Joel Quenneville sees a lot of similarities between his new team and the old one.
When he took over behind the Blackhawks' bench four games into the 2008-09 season, Chicago had a roster loaded with untested skill led by Patrick Kane and Jonathan Toews still trying to find its way.
Quenneville guided the Blackhawks into the conference final the following spring for the first time since the mid-1990s. Just over 12 months later, he was hoisting Chicago's first Stanley Cup since 1960.
There would be two more titles in 2013 and 2015. But all coaches have a shelf life, and his time in the Windy City ended in November 2018.
Now, the 61-year-old is looking to go down the same road with the Florida Panthers.
"We had a ton of talent, a ton of depth (in Chicago)," Quenneville said earlier this month. "This team (has) comparable young talent that has high-end ability that is a little bit unproven."
The Blackhawks were mostly miserable in the decade preceding Quenneville's arrival with just one playoff appearance since 1997.
The Panthers, meanwhile, have qualified for the post-season just four times since making the Cup final in 1996, winning a grand total of six playoff games.
Quenneville had Kane, Toews, Brent Seabrook and Duncan Keith in Chicago to help steer the ship. In Florida, there's Aleksander Barkov, Jonathan Huberdeau and Aaron Ekblad.
Those young stars remain largely untested in big moments, something their coach is looking forward to seeing as the Panthers continue to battle the Toronto Maple Leafs for third in Atlantic Division.
"We're going to find out what that test is going into the stretch," Quenneville said. "That'll be finding out about them individually and collectively as a team. That's when it gets fun — playing meaningful games.
"And that's what we've got to get better as a young group."
Florida, which hosts Toronto on Thursday, remains in the playoff hunt despite having the 27th-best save percentage at 5 on 5 after signing Sergei Bobrovsky to a massive seven-year, US$70-million contract in free agency. The move has yet to settle the Panthers' troublesome and ongoing crease issues.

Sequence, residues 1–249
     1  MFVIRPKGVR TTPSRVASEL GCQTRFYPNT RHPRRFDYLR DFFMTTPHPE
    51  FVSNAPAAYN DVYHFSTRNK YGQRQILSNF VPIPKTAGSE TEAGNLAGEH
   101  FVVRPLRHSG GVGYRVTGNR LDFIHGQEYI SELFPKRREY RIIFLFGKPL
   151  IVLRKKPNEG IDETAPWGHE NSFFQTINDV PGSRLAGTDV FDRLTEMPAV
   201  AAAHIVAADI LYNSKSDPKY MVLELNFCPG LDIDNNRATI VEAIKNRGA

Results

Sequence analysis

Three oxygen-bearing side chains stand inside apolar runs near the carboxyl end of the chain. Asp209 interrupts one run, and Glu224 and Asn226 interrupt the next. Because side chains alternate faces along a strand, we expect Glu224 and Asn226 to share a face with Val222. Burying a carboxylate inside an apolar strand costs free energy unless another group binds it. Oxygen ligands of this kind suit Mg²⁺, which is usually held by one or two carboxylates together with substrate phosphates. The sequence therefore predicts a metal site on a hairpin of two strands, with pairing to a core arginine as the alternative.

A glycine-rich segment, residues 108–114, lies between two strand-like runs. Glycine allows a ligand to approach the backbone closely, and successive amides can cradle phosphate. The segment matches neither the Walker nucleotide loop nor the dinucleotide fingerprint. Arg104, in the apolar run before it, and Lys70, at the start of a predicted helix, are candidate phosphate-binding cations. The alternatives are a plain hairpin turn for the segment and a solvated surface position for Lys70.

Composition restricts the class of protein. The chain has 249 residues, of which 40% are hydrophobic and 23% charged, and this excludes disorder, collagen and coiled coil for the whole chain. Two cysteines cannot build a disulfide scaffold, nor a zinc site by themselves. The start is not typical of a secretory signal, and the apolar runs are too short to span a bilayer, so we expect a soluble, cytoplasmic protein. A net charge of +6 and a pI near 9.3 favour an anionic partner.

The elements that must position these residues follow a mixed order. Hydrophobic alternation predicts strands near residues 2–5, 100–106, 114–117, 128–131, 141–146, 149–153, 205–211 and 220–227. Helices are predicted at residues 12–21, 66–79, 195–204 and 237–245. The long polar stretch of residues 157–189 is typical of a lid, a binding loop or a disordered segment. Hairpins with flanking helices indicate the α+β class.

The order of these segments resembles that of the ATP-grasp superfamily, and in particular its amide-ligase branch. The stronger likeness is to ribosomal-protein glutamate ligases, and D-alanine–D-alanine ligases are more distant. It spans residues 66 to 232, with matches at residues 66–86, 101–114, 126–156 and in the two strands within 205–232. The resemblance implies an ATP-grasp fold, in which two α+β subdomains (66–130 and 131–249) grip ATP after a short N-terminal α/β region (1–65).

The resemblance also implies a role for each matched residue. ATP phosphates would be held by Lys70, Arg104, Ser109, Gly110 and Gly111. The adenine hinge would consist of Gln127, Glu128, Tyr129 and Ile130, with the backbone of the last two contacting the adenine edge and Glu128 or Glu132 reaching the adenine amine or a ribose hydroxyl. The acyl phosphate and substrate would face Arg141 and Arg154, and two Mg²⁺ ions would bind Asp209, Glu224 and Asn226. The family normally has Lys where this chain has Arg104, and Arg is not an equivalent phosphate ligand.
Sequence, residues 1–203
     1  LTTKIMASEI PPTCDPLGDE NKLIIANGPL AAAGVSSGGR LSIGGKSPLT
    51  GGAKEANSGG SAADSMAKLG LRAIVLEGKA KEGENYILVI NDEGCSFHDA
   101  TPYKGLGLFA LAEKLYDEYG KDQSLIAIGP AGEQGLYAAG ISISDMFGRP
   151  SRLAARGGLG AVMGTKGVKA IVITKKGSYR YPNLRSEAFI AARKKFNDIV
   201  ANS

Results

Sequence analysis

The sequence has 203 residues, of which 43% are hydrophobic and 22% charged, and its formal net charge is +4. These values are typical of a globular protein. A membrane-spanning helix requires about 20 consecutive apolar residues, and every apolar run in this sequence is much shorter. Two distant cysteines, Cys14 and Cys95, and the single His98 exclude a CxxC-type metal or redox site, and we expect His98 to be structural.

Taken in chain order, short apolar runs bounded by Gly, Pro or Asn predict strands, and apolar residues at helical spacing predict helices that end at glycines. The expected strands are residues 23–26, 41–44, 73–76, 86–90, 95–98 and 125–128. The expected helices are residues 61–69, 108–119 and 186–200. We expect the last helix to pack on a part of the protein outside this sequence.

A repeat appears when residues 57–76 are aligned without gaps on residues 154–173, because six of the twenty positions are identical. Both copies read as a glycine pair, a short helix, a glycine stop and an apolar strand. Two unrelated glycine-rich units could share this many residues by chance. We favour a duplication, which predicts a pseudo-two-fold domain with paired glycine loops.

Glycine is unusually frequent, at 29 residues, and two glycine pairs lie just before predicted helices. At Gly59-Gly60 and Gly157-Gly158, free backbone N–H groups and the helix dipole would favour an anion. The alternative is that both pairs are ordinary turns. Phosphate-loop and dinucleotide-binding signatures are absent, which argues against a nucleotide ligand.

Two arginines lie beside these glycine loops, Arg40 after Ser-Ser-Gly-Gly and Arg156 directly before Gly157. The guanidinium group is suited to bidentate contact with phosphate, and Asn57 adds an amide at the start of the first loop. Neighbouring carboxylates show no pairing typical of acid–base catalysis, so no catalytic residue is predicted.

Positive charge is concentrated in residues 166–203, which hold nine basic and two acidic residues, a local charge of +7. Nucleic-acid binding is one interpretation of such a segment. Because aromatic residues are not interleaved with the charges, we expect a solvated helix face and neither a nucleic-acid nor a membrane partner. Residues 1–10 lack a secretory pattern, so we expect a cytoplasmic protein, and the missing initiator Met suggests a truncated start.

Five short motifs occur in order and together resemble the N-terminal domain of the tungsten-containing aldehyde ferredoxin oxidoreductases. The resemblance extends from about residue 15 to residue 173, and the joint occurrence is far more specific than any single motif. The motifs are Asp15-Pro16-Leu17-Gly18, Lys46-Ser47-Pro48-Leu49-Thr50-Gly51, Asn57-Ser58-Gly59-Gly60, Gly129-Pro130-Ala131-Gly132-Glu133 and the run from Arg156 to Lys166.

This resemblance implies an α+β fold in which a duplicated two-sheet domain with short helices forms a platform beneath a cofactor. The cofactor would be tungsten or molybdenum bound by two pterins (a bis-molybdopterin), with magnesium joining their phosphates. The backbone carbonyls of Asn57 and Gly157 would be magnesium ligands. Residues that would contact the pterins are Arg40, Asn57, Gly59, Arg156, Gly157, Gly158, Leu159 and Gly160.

That glaring problem aside, Quenneville has the players believing they're on the cusp of something greater.
"He's very thorough," said veteran defenceman Anton Stralman. "He expects you to go out every day in a game-like speed. There's no gears. There's only one gear. It's been a fun ride. He's got a lot of experience.
"He's good for this team. A lot of players look up to him and rightfully so with his track record."
Huberdeau, the Panthers' leading scorer with 77 points, said Quenneville is the right coach at the right time for this group.
"He's a guy that demands a lot," said the winger, whose team is two points back of Toronto for the third and final playoff spot in the Atlantic Division. "You've got to earn your ice time."
Quenneville could have stayed on the sidelines after getting handed his walking papers by the Blackhawks — he had another season left at US$6 million — but couldn't turn down a lucrative offer from Panthers general manager Dale Tallon, his old boss in Chicago.
"I'm not getting any younger," Quenneville said when asked why he got back in the saddle so soon. "You want to stay in touch with the game. Dale gave us gave us a tremendous opportunity to be a part of a team that was very comparable to what we were around in Chicago.
"That's what we feel we're trying to capture here."
Second only to Scotty Bowman in all-time coaching wins with 923, Quenneville is getting used to a different pace and lifestyle in a non-traditional hockey market.
That doesn't mean his expectations have changed.
"There's been some progress with the team and the fans and the excitement," he said. "As far as our team, I think the one thing we want to make sure of is being consistent in that standard of predictability — how we're going to be competing on a game-to-game basis. That's something that we've been dealing with. We've been getting better in that area, but that's the challenge.
"(The league) has had success in some other climates that are very comparable ... there's no excuse."
Jean-Gabriel Pageau endeared himself to New York Islanders fans in his first game with his new team. Acquired from the Ottawa Senators ahead of Monday's NHL trade deadline before signing a six-year, $30-million contract extension, the centre scored in his debut against the New York Rangers. But what fans on Long Island will likely remember much longer was his willingness to drop the gloves and jump to the defence of Michael Dal Colle after he hook a huge — and legal — hit from Rangers defenceman Jacob Trouba.
BACKLUND ON FIRE
With the Calgary Flames in a battle for a playoff spot, one might expect Matthew Tkachuk, Sean Monahan or Johnny Gaudreau to be leading the offensive charge. But in the last 2 1/2 weeks, Mikael Backlund has occupied the driver's seat. The 30-year-old centre has eight goals in eight games — the most in the entire NHL over that span.
This report by The Canadian Press was first published Feb 26, 2020.
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Joshua Clipperton's weekly NHL notebook is published every Wednesday.